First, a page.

13th. May the enemies of America be metamorphosed into pack horses, and sent on a western expedition against the Indians.

An express, with dispatches for General Sullivan, from Philadelphia, arrived this morning, by whom I received a packet enclosing the commissions for my officers.

About 11 o'clock, A. M., the command under Colonel Dearbourn, who left us the 21st of June to proceed to Cayuga lake, returned, bringing two squaw prisoners; he having, in his route, destroyed several towns and a great quantity of fine corn.

Monday, Sept. 27th.—The detachment ordered to march yesterday moved this morning up Tioga branch to an Indian village, about twelve miles from this place, with orders to destroy the same.

Coleman and Caldwell, two of my soldiers, who, by some means, lost the regiment at Kanadaugua lake, on the eighteenth, after wandering for seven days in the wilderness, found and joined us at this place. They subsisted, during their absence, on the hearts and livers of two dead horses which they found on the path along which the army had marched.

At dusk this evening, the detachment which marched this morning returned, after destroying a considerable quantity of corn, beans, and other vegetables, sixteen boat loads of which they brought with them for the use of the army; they also burned a small village.

[166] Tuesday, Sept. 28th. — Several commands were ordered out this day, viz., one up and the other down the Tioga branch, for the purpose of destroying corn, &c., of which there was a quantity left on our march towards the Seneca country.

All the lame and sick soldiers of the army were this day ordered to go to Tioga in boats, and the pack horses least able for other duty.

Colonel Butler, with his command, after laying waste and destroying the Cayuga settlements, and corn, &c., of which there was a very great quantity, returned, and joined the army about 10 o'clock this morning.

Wednesday, Sept. 29th.—The army marched this morning about 8 o'clock, and continued moving steadily until we passed Chemung about one mile, where we encamped on the same ground, and in the same position, as on the 27th. The two commands ordered out yesterday morning returned, and joined the army at this place about 9 o'clock, P. M. after destroying large quantities of corn, beans, and other vegetables.

Thursday, Sept. 30th.—This morning about 8 o'clock the army moved. About 2 o'clock they arrived at Tioga plains, near Fort Sullivan, where the whole formed in regular line of march, and moved into the garrison in the greatest order, when we were received with military honours, the garrison turning out with presented arms, and a salute of thirteen rounds from their artillery, which complement was returned them from the park of artillery with the army.

Colonel Shrieve, governor of the garrison, had an elegant dinner provided for the general and field officers of the army. We regaled ourselves, and great joy and good humour was visible in every countenance. Colonel Proctor's band, and drums and fifes played in concert the whole time.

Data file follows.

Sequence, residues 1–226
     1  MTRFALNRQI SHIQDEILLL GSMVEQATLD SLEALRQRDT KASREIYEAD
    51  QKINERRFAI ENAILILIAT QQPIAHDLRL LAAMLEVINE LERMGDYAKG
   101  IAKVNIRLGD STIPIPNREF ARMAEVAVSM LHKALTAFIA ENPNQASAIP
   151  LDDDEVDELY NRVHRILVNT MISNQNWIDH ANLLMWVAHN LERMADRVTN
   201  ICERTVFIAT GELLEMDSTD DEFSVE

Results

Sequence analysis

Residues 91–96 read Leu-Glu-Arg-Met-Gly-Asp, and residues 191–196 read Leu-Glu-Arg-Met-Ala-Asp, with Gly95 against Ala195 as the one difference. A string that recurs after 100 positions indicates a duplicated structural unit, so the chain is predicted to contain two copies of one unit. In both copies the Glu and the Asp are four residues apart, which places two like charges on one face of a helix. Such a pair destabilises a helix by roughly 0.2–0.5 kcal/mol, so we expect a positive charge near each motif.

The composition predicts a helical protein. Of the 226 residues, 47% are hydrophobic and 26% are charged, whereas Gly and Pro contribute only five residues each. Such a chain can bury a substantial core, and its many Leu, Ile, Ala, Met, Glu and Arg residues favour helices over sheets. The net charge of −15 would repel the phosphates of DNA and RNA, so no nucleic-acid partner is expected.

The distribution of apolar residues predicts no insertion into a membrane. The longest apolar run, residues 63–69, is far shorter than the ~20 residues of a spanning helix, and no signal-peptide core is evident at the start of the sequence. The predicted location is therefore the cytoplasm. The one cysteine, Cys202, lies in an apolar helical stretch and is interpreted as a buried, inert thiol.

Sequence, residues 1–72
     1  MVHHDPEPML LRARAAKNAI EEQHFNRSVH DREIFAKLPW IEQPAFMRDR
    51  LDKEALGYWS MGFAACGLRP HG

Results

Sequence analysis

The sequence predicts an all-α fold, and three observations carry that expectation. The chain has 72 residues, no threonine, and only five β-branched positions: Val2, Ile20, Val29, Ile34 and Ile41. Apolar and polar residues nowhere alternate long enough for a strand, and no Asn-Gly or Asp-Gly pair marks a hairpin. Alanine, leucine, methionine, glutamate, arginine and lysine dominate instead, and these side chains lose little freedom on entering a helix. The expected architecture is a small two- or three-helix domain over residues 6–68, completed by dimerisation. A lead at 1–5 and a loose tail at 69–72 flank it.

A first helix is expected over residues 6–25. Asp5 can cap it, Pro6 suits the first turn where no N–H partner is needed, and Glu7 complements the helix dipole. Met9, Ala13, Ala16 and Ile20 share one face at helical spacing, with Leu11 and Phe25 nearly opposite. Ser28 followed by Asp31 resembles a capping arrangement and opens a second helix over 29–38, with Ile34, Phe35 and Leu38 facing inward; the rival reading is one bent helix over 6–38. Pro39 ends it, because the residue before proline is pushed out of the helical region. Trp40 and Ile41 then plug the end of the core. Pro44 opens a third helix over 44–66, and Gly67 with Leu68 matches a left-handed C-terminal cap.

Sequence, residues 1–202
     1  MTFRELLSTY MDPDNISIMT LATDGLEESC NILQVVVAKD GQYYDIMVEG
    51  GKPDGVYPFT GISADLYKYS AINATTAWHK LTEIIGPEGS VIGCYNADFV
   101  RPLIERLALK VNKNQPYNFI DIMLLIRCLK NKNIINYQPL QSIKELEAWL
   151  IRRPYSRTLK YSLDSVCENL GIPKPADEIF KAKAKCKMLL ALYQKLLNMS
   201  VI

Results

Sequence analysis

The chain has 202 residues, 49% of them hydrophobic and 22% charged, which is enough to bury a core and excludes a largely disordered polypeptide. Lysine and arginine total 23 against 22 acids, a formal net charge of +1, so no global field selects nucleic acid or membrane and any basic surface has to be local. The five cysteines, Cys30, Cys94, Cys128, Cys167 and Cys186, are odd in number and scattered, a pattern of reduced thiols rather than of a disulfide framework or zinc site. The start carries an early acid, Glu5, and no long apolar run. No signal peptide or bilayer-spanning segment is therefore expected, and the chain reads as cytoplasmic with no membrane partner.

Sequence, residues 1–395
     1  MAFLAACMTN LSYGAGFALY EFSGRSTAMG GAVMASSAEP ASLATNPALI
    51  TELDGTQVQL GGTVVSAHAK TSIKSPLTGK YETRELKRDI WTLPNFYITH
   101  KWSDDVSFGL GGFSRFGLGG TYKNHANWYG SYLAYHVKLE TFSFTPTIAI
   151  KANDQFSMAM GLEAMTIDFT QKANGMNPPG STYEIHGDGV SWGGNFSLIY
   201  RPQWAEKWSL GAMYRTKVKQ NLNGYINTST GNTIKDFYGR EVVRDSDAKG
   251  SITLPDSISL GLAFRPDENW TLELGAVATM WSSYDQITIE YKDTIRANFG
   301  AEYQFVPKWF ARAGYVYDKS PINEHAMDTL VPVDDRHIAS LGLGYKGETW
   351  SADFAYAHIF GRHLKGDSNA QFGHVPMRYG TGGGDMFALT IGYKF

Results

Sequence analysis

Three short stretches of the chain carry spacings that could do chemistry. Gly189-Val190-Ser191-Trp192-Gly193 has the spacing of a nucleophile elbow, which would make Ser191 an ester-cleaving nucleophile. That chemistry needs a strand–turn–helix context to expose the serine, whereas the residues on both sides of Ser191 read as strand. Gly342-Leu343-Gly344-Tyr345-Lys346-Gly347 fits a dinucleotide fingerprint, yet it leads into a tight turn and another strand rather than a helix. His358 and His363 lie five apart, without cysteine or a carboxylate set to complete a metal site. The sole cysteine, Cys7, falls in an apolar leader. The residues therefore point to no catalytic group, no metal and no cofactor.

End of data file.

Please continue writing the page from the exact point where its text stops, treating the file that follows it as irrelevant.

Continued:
Friday, Oct. 1st.—This morning the horses belonging to the officers of the brigade were forwarded to Wyoming. We also sent our cow which we had along with us the whole expedition, and to whom we are under infinite obligations for the great quantity of milk she afforded us, which rendered our situation very comfortable, and was no small addition to our half allowance.

This afternoon Colonel Brewer, General Sullivan's secretary, set off to Congress with the dispatches, which contained a relation of the great success of the expedition.

Saturday, Oct. 2d.—This day the commander-in-chief made an elegant entertainment, and invited all the general and field officers of the army to dine with him.

In the evening, to conclude the mirth of the day, we had an Indian dance. The officers who joined in it putting on vizors, (alias Monetas.) The dance was conducted and led off by a young Sachem of the Oneida tribe, who was next followed by several other Indians, then the whole led off, and, after the Indian custom, danced to the music, which was a rattle, a knife, and a pipe, which the Sachem continued clashing together and singing Indian the whole time. At the end of each, the Indian whoop was set up by the whole.

Sunday, Oct. 3d.—Agreeable to the orders of yesterday, the garrison of Fort Sullivan this day joined their respective corps, and the fort was demolished. The stores and other baggage with the park of artillery were put on board the boats, and every other matter put in perfect readiness to move with the army, on their route to Wyoming, to-morrow morning at 6 o'clock.

The young Sachem, with several Oneida Indians, relatives and friends of the unfortunate Indian Hanjost, who bravely fell with the party under command of the much lamented Lieut. Boyd on the 13th ult., who faithfully acted as guide to the army, left us this day, well pleased, (after bestowing some presents on them,) for their native place, the Oneida country.